The Taoiseach sampled the food and atmosphere as he dined al-fresco on Cork’s Prince’s St today, the poster-child for our summer outdoors, but cautioned that the great re-opening will be done “one step at a time”.
Micheál Martin, who also officially opened a new docklands office block, said while it was great to see hospitality re-open and that the last few days have been heartening for many, such progress must be consolidated and the situation reassessed before decisions to ease restrictions further can be made, and office workers are cleared to return to the workplace.
“It’s great that outdoor dining is back,” he said before tucking into lunch outside Nash19.
“I think the city has been very innovative - the traders and the city council - in terms of pedestrianisation of streets, in terms of the adaptation of certain streets with the umbrellas and so on.
“It’s all helping to get the city back on its feet and to give people opportunities as we emerge from Covid-19 and relax restrictions.
“The last couple of days have been very heartening for people and now with matches coming back, of people being able to attend matches, we are making progress. But we must consolidate the progress and we will make further progress as the summer rolls on.
“We will take it one step at a time. We’ll see how this works out and evaluate this towards the end of the month and will make further assessments on it.”
Publican Paul Montgomery, who runs Clancy’s, helped spearhead the ‘eat on the street’ initiative last year, when with the support of other traders, he wrote to City Hall on April 3, 2020, calling for the street to be pedestrianised.
“It was about survival at the time and the concern that we had was that with restrictions on numbers, that we couldn’t survive two or three years of business. It was all about the art of the possible,” he said.
He said by making the area a destination, it has helped boost the food and drinks businesses but that it can also lift the entire city.
"Everyone can win," he said.
The Taoiseach then officially opened the new Penrose Dock office development, where earlier, one of its 18 tenants, data security and analytics company Varonis, announced plans to create 60 jobs over the next three years.
Despite Covid-19, the office block has nearly 90% of its floorspace let, with 1,100 workers employed there, a figure set to increase by 500 over the coming years.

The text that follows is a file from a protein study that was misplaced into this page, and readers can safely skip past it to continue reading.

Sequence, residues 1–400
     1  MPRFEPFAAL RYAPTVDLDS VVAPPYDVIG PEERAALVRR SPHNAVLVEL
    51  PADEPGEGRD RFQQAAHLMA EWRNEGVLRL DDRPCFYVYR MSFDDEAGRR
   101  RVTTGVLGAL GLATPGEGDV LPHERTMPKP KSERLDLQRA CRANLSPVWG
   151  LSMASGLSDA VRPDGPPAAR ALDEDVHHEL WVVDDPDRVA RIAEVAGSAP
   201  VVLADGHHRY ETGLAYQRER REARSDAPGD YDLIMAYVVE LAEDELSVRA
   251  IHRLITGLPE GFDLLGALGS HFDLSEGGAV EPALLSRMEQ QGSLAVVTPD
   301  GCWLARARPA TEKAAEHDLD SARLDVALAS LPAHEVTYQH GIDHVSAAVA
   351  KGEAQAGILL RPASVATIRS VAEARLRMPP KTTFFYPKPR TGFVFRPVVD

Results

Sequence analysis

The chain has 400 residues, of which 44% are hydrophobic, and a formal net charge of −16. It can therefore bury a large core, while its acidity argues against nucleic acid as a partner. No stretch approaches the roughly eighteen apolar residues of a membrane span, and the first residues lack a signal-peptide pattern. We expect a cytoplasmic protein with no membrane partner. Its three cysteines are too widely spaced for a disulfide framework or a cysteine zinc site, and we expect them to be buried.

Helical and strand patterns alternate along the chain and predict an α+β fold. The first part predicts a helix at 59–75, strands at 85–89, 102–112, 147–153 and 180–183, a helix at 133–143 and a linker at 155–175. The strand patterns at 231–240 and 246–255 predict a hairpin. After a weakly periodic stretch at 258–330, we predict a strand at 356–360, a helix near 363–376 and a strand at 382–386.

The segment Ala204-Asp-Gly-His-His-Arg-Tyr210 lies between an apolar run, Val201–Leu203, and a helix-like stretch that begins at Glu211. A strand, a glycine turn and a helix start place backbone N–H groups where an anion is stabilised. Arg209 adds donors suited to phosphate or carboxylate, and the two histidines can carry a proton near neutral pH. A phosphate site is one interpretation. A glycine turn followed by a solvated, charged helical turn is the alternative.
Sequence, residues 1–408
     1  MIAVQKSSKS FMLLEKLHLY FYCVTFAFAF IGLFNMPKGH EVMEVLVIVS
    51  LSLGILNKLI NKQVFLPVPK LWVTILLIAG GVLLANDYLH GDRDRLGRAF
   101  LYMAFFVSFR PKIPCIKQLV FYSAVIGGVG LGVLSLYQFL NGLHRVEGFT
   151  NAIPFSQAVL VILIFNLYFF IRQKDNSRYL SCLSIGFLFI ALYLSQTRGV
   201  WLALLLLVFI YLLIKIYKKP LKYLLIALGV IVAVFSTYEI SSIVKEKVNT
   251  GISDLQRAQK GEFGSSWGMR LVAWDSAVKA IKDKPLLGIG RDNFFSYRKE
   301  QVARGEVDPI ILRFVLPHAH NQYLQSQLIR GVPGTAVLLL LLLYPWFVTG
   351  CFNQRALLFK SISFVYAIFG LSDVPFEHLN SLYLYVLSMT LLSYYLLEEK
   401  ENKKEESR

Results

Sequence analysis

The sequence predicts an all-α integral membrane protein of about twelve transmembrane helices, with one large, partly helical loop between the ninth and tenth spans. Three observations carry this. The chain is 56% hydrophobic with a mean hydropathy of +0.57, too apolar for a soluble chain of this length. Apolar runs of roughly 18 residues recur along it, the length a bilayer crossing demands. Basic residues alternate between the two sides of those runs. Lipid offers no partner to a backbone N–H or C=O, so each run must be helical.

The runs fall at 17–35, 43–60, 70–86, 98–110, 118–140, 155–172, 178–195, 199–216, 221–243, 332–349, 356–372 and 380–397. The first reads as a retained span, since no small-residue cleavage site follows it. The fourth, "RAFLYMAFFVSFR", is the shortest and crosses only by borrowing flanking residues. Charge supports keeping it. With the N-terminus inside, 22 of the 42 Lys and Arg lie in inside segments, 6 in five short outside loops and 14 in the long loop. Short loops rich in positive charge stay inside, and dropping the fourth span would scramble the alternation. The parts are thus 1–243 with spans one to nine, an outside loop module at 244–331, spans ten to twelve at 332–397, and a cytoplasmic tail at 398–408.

But while Tánaiste Leo Varadkar has backed a return of the office from August - a month earlier than planned - Mr Martin said the government will have to wait and see, with the focus first on trialling crowds at sports events and then focusing on the return of students to third-level colleges in autumn.
“We want to offer a normal campus-like experience for young students in further education,” he said.
“In the world of work, a lot of young people have not yet been in their offices after being recruited last year. We want them to get the office experience as fast as they can.
“We are going to take this step by step. I can understand for a lot of young people who have been recruited (last year), that a blended experience would be worthwhile.
“We will take advice on this and take it step by step."
Later, the Taoiseach sampled one of the Cork Midsummer Festival’s ‘arts gifts’, featuring an outdoor performance by John Spillane at Elizabeth Fort.
Such gifts will be available to buy, and send to local communities, when the festival opens later this month.
Earlier, the Taoiseach also opened the first ASD unit at the North Monastery Primary school, a senior boys school which caters for 125 pupils from second to sixth class.
Principal Carl O’Brien said it marks the start of a new chapter in the school’s history, which is set to convert from a senior boys school to a “vertical co-educational school” when it welcomes its first intake of junior infants in September.
He also presented certificates to students at Terence MacSwiney College.